Backstage Pass with Lia Chang

Asian American Civil Rights Groups Angered by Acquittal and Lenient Sentence in Military Hazing Case of Pvt. Danny Chen

FORT BRAGG, N.C.—Yesterday, a jury acquitted Sergeant Adam M. Holcomb—one of eight soldiers charged in the hazing and death of Pvt. Danny Chen—of negligent homicide, reckless endangerment, communicating a threat and violations of a military statute that prohibits hazing. Based on the jury’s recommendation, Sgt. Holcomb, who was convicted of two counts of maltreatment and one count of assault consummated by battery, may only receive a sentence of 30 days in prison, reduction of one rank, to specialist, and a fine of $1,181.55. Mee Moua, president and executive director of the Asian American Justice Center, a member of the Asian American Center for Advancing Justice, Tom Hayashi, executive director of OCA, and Elizabeth OuYang, OCA-NY president, issued the following statement.

“The verdict and sentencing recommendation in this case fly in the face of civil and human rights. It is absolutely appalling that following a campaign of humiliation due to anti-Asian bias by Sgt. Holcomb and others that led to Pvt. Chen’s death last October, the jury would not only acquit Sgt. Holcomb of these serious charges, but recommend such a lenient sentence for his actions against Pvt. Chen. And it is quite disturbing that despite his conviction for maltreatment and assault, Sgt. Holcomb will be able to continue to serve honorably in the military, an honor he does not deserve.

Today’s verdict is reminiscent of the Vincent Chin case more than 30 years ago, in which his killers served no jail time and merely received a fine for taking Chin’s life. There was no justice for Chin and today there was no justice for Pvt. Chen, Lance Cpl. Harry Lew or the many other victims of military hazing. The slap on the wrist for Sgt. Holcomb clearly demonstrates that these types of actions are acceptable in the military culture. As long as there is no clear definition of hazing that is punishable under military regulations, there will be future miscarriages of justice for victims like Pvt. Chen.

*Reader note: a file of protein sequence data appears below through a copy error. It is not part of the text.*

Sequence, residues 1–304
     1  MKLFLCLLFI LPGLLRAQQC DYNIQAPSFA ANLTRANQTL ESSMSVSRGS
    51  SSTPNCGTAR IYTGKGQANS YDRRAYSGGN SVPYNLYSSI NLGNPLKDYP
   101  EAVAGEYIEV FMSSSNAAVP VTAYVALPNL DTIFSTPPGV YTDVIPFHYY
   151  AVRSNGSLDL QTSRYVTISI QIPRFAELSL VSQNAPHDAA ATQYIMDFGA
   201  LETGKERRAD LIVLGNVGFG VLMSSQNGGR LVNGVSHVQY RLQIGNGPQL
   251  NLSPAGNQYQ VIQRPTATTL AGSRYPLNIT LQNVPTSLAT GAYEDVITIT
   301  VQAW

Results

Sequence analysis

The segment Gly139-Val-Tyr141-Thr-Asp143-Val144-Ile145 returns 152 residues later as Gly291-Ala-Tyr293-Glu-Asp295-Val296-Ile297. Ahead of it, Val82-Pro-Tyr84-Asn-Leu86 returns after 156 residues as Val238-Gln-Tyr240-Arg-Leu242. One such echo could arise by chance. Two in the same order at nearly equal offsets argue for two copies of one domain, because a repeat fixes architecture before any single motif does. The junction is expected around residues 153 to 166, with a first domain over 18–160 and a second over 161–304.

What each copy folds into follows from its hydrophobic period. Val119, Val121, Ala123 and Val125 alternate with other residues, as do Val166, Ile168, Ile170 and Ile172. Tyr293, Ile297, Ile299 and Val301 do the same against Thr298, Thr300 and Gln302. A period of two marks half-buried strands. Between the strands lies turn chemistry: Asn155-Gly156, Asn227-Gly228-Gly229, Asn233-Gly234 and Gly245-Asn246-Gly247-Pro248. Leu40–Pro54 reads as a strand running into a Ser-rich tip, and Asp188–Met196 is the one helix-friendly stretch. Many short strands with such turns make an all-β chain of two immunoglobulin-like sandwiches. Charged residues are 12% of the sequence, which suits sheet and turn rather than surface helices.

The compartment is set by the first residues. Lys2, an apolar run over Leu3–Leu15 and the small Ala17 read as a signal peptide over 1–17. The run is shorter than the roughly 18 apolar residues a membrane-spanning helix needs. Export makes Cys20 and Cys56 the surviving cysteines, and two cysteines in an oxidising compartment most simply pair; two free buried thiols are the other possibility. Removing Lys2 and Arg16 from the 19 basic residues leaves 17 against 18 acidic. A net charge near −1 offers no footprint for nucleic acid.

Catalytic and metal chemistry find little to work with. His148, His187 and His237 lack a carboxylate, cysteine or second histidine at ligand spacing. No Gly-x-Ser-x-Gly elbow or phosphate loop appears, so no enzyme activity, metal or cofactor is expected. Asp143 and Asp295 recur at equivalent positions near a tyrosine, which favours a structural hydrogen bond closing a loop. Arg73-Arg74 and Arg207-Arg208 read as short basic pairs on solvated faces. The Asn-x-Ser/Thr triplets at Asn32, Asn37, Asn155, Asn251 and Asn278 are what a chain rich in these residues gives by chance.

As a nation, we must come together and demand that Congress and all branches of the military adopt stronger policies to deter and address all forms of hazing, harassment and abuse in our military. There must be a zero-tolerance policy.

AAJC and OCA remain committed to working to address the following:
• A clear definition of “hazing” that is punishable under military regulations.
• Stronger accountability up and down the chain of command.
• Stiffer punishment for failure to report harassment and abuse.
• Protections for victims and whistle blowers of harassment and abuse.
• Mandatory diversity training and inclusion practices to promote more diversity within leadership positions.
• A comprehensive record-keeping system on reports of harassment and abuse.
Six more trials and one more sentencing remain. We fully expect appropriate punishment that reflects that Pvt. Chen’s life was not in vain. We will continue to fight for justice and work to ensure protection for our military members.”

The Asian American Justice Center (, a member of Asian American Center for Advancing Justice, works closely with its affiliate organizations – the Asian American Institute in Chicago (, the Asian Law Caucus ( in San Francisco and the Asian Pacific American Legal Center ( in Los Angeles – to promote a fair and equitable society for all by working for civil and human rights and empowering Asian Americans and Pacific Islanders and other underserved communities.

OCA ( is a national organization dedicated to advancing the political, social and economic well-being of Asian Pacific Americans (APAs).

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